You can see whom I thought deserved awards here.
Now it is time for our 2011 stem cell awards. These awards reflect my opinions and those not mentioned will hopefully forgive me as there is an amazing array of great people and resources.
If you disagree or have your own choices for awards that you’d like to give a nod to, please do so in the comments section.
The Stem Cell Political Cartoon of the Year. This award goes to the super talented Matt Bors, whose comic I mentioned in my post on the California Personhood Movement. His winning comic is below. If you like his work as much as I do, please go to his website and check out his other art as well as consider making a donation! Warning, he’s not always politically correct, but that’s part of what is refreshing about his work.
The Stem Cell Blog of the Year. In 2011 we have a tie for stem cell blog of the year between two outstanding blogs. The award goes to both Stem Cell Network of Canada and Stem Cell Assays, by Drs. Gunn and Bersenev. These are two great resources for both factual information and thought provoking opinions about stem cells. Also worth noting is CIRM Research Blog by Amy Adams, the winner of our 2010 Blog of the Year Award. In addition, I have to mention the California Stem Cell Report by David Jensen. This blog is read by a who’s who of the stem cell world, and is a source of important information about CIRM. I personally wish that it was more balanced in terms of positive and critical stories, but I should note that of late there have been several posts there that have leaned far more positive than in the past so maybe this is an encouraging trend. To me it seems that David is impressed so far with new CIRM Chair Thomas, but I don’t claim to speak for David.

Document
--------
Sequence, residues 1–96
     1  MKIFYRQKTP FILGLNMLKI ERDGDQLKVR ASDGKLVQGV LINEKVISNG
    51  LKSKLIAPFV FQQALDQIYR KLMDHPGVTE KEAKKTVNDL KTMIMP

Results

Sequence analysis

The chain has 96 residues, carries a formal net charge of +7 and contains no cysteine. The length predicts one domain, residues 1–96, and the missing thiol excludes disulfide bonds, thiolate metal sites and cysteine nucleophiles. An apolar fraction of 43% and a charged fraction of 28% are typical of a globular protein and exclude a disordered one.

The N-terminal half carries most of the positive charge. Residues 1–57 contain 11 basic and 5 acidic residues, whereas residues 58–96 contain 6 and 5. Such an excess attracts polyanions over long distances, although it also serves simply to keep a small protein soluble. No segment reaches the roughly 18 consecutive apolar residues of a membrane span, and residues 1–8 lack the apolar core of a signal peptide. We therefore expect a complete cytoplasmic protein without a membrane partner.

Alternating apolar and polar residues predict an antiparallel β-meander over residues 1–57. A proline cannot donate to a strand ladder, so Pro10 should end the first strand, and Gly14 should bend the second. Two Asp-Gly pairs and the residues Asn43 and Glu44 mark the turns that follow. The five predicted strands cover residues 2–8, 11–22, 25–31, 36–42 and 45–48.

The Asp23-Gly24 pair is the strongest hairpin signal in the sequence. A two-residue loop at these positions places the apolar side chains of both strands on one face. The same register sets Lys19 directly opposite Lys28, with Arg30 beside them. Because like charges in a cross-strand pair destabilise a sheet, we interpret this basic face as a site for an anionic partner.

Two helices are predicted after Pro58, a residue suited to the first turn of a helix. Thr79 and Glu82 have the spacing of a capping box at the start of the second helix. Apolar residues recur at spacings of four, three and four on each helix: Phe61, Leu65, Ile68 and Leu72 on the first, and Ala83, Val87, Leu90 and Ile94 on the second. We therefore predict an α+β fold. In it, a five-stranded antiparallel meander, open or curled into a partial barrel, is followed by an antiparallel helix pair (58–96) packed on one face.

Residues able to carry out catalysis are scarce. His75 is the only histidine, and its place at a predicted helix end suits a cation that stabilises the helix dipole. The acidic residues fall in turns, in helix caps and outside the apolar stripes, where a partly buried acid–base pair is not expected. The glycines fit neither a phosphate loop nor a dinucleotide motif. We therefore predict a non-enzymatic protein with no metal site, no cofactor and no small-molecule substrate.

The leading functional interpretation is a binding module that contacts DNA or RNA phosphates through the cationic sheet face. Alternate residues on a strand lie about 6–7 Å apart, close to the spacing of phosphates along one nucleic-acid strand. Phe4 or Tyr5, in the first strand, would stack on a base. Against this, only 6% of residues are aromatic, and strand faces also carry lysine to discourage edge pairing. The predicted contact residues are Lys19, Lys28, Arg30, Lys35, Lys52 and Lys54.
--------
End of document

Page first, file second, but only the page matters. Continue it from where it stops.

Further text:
Stem Cell Politician of the Year. This award goes to Texas Governor and GOP Presidential Hopeful, Rick Perry. Guv. Perry is so committed to stem cell research that he actually got a stem cell treatment himself. What a role model and pioneer as his treatment was not even FDA approved.
Stem Cell Misstep of the Year. I award this to Geron. Yeah, as a biotech company you have to make money and yes, I can see why they wanted to be more focused, but come on! You guys really screwed up by dropping your stem cell program in this manner. I believe this bordered on the unethical. I commend the actual stem cell scientists at Geron, but the person(s) who as leaders pulled the trigger on killing the stem cell program did wrong. In second place is the European Court’s ruling against patenting ESC-related inventions. This decision made no sense and will hinder progress towards helping patients.
Stem Cell Journal of the Year. As much as I am extremely impressed with the direction that the journal Stem Cells is going, I have to give this award to Cell Stem Cell, which has become one of my top 3 journals overall. Forget the stellar impact factor, what really has Cell Stem Cell winning my heart is that it publishes the best, most thought-provoking stuff. I look forward to each issue. If I had one suggestion for Cell Stem Cell it would be to move to 2 issues a month. I think they could do this without lowering the quality of their papers. They should also keep on working to be the best because Stem Cells is an awesome journal too and on a very steeply upward trajectory.